Venice Police Label Christoph Büchel Art Mosque in Icelandic Pavilion a Public Safety Threat

Is this a gesture towards tolerance, or recklessness?

Christoph Büchel, The Mosque, installation view, at the Icelandic Pavilion, Venice Biennale (2015). Courtesy of the artist; Icelandic Art Center/photographers Bjarni Grimsson and C. Büchel.

Swiss artist Christoph Büchel is presenting the first Mosque ever to grace the historic center of Venice as his contribution to the Icelandic Pavilion at the 56th Venice Biennale.

The project—with the rather self-explanatory title THE MOSQUE: The First Mosque in the Historic City of Venice­—is installed in the former Catholic church of Santa Maria dell’Abbazia della Misericordia, a 10th century building that has been closed for over forty years.

However authorities in Venice have notified the Icelandic Art Center that Italian police believe the Icelandic national pavilion is a “threat to safety.”

The letter—which has been given to The New York Timesstates that Venice police is concerned about of the location of the installation, among other things. The mosque is also described as “a headache” by Venice police, Iceland Review reports.

The mosque is located near a pedestrian bridge (like most buildings in Venice) and police claim it will be difficult to provide safety surveillance. They argue that the Icelandic pavilion requires surveillance due to the terrorist threat from extremists.

According to the NYT, Büchel and Nína Magnúsdóttir, the curator, have sought legal advice but intend to continue as planned, and open the mosque to the public.

Hamad Mahamed, who will lead prayers there, said that it is an important project for the Muslim community. “It gives us the chance to show people what Islam is really about–and it isn’t the pictures shown in the media.”

The temporary mosque, which will remain operational until the Biennale ends in November, comes complete with all elements necessary for Muslim worship: the qibla, the mihrab, the minbar, and a large prayer carpet oriented towards Mecca. To carry out the project, Büchel has worked with the Muslim communities of both Venice and Iceland.

According to the project’s press release, Büchel’s piece seeks to tackle the profound influence that Islamic culture has had on the city of Venice through centuries of trade, as well as the socio-political implications of contemporary global migration.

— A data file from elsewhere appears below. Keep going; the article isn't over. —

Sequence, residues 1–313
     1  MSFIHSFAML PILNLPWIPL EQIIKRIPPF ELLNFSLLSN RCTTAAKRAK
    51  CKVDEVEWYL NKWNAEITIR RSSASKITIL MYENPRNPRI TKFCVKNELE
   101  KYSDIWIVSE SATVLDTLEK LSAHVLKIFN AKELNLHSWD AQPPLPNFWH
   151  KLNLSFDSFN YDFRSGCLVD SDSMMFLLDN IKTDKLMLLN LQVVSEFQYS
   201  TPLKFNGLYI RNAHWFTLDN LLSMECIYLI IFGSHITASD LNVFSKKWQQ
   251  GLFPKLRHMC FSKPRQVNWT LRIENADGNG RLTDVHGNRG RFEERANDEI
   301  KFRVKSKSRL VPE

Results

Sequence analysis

Despite the traces of Islamic elements in Venice’s historical art, architecture, and even language, the city of Venice never allowed the presence of a mosque in its historic center.

THE MOSQUE: The First Mosque in the Historic City of Venice feels all the more timely given the current climate, in which the rise of ISIS in the Middle East and the jihadist terrorist attacks in Europe and the US (see 12 Killed at Magazine Previously Attacked for Satirical Cartoons and Two Dead After Gunmen Open Fire at Texas “Draw The Prophet” Contest) have prompted discussions about the rise of Islamophobia in the West.

While controversy and debate are now more necessary than ever, given the recent issues with Islamophobia and freedom of speech (see Art Spiegelman Criticizes US Press Over Charlie Hebdo Political Correctness and Salman Rushdie Scolds Charlie Hebdo PEN Award Boycotters), whether Büchel’s Venice project is salient, opportunistic, or crucial still remains to be seen (see Playing politics: JJ Charlesworth on Why Art World Hypocrisy Stars at the 56th Venice Biennale and Why Does Vik Muniz’s Giant Paper Boat for the Venice Biennale Trivialize Europe’s Migrant Crisis?).

Büchel’s interest in Muslim communities is long-held. In 2007, Büchel launched Simply Botiful, a controversial immersive installation in an East End warehouse (a Hauser & Wirth temporary space) that included prayer mats described by Frieze Magazine as featuring motifs celebrating the events of 9/11, as well as copies of Adolf Hitler’s Mein Kampf translated into Arabic.

THE MOSQUE: The First Mosque in the Historic City of Venice will be open from May 9-November 22. will launch on May 8.

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